There’s no better way to learn about Chablis than by visiting the wine region, even if to be truthful, I could really say that about understanding most wines. Chablis is not only a famous wine and wine region, but also a wonderful, compact little town and district to see terroir in action, and to understand in just a short time the wine designations Petit, Village, Premier Cru and Grand Cru.
That’s the theory. I had planned a day visiting Chablis with Anja and Georges of World Wine Tour 2010 and arranged in the early afternoon to visit the famous Grand Cru slope to see why it was so special. But this was not to be, for on this cold day in early December with snow threatened, the rain poured down and a tour of the vineyards was not possible.
All was not lost, for we were given a fantastic introduction to the wines in Danielle-Etienne Defaix’ wine shop in the middle of this little wine town. With Cécile there to guide us, she explained about the climate and soils, and the hierarchy of the appellations very clearly in English (and when she’s not there, Ken, a Canadian is there to help) with maps and suitable tasting wines to add to the lesson.
It was wonderful to re-discover that intense green-yellow coloured wine which almost epitomizes the tasting terms ‘mineral’, ‘steely’ or even ‘stony’. Whereas at most Chablis producers, you will taste wines that are just a couple of years old, at Defaix they opened two Premiers Crus from 2001, both matured in stainless steel on the lees for nearly two years and then in bottle for several years before release. Oak maturation is shunned by many producers in Chablis except, for some, for their Grands Crus.
Running around the corner through the rain, we arrived to visit the glorious 9th century cellars of L’Obédiencerie, home to Domaine Michel Laroche, one of the largest estates in Chablis with 100 hectares (about 250 acres), and currently in conversion to organic methods. This large company has interests elsewhere in France and abroad, and are also big proponents of screwcaps (unusual anywhere in France), but their quintessential Chablis wines are of very high quality ranging from their flagship Chablis St-Martin through the richer Premier Cru Les Fourchaumes right up to their excellent Grands Crus Chablis.
Laroche has a shop/wine bar in the main Chablis street, open normal hours for tastings, but to tour the buildings and cellars of Obédiencerie you need to make an advance appointment. Laroche Grands Crus are matured partly in oak barrels, though only a proportion is new, and the wines express a lovely austerity along with classic flintiness. Top of the range is a very special selection from Grand Cru Blanchot named Réserve de l’Obédience, and I recently had the chance to taste the stunning, still very youthful 2008 in London. This is a wine that develops for many years, lasting well over a decade, as was proved to me by a fascinating and gorgeous 1996 very generously opened for us by Michel Laroche.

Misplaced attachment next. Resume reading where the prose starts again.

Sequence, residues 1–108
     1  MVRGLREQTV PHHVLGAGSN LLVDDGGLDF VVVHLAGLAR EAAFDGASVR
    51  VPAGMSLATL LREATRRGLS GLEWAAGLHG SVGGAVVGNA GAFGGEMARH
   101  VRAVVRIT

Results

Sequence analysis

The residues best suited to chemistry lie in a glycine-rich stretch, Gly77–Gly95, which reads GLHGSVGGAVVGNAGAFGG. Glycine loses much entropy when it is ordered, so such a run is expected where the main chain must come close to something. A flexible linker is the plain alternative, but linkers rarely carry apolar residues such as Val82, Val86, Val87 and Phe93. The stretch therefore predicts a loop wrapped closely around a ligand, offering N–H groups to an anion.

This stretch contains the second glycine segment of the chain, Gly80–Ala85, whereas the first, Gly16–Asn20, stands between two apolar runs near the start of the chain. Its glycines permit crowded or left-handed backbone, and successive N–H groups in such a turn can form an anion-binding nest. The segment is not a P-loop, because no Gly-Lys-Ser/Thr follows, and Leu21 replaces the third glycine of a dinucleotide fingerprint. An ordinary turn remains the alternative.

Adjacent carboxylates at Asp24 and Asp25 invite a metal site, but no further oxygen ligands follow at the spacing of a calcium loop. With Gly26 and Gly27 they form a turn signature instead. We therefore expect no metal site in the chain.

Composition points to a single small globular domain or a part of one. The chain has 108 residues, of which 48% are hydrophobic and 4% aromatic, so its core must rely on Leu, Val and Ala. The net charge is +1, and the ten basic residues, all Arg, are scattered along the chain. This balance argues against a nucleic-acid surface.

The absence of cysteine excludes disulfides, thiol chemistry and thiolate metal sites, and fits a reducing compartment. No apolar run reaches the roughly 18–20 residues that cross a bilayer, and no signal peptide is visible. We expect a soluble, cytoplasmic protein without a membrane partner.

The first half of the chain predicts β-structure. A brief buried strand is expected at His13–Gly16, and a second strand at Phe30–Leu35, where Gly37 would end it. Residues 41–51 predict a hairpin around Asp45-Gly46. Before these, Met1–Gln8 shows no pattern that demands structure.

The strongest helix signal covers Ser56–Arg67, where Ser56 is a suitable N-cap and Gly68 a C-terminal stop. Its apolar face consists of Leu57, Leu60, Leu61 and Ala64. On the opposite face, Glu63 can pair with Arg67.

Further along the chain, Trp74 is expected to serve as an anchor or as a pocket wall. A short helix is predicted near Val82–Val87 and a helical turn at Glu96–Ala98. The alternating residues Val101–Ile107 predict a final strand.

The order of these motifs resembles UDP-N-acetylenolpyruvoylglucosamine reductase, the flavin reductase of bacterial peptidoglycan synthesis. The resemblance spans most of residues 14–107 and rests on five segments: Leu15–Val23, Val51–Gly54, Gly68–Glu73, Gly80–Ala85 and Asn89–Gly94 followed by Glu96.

Chablis has a plethora of small producers that you can visit outside the town in the surrounding villages, all fairly close to one another nestled in the vineyards. Writer Rosemary George MW, who has been a regular visitor for well over 20 years selects her favourites who welcome visitors in our travel guide. Even if you remain only in the compact wine town of Chablis itself, you will find several producers’ caveaux (shops) where you can taste and buy.
We visited Simmonet-Febvre, an old Chablis producer, purchased a few years ago by the well known Burgundy négociant Louis Latour. They are the only producer here to make Crémant de Bourgogne sparkling wine, which was fun to taste, and they also produce a range of Chablis from the lowest Appellation Petit Chablis up to the Grands Crus. I enjoyed their wines, especially their Premier Cru Forchaume, tasted in their welcoming shop, and I think this may be one to watch for the future.
As well as being rainy, Chablis was extremely quiet in December but the little town comes to life from about March onwards. Not very far from Paris, this is a wonderful place for white wine lovers to spend a couple of days or even just one day as we did en route to Beaune (note the car journey to Beaune is nearly one and a half hours, something people often forget when visiting Burgundy). A visit here also provides as a great introductory lesson into the Burgundy appellation hierarchy – it gets even more complicated once you reach the Côte de Nuits and Côte de Beaune.
Daniel-Etienne Defaix owns a simple, modern hotel, Aux Lys de Chablis on the outskirts of town and Michel Laroche offers a more upmarket small hotel, the Vieux Moulin in a converted mill in the centre. We stayed at the welcoming Hostellerie des Clos, which was comfortable and also well placed. It is home to a Michelin-starred restaurant with chef Michel Vignaud, and the sommelier is happy to advise on visits to growers in the area. The owners also run the welcoming and straightforward Bistrot des Grands Crus just down the road, where we were able to enjoy a late, simple meal on the evening before our busy day of visits.
Georges and Anja of World Wine Tour 2010 were travelling around the wine regions of the world throughout the year, collecting donations of fine bottles for an auction, which will take place on May 26th 2011 in aid of the Lao Rehabilitation Foundation. They have some wonderful donations and expect to raise a significant amount of money for their chosen charity. I joined them for their week in Champagne and Burgundy and helped them with their European wine travel itinerary.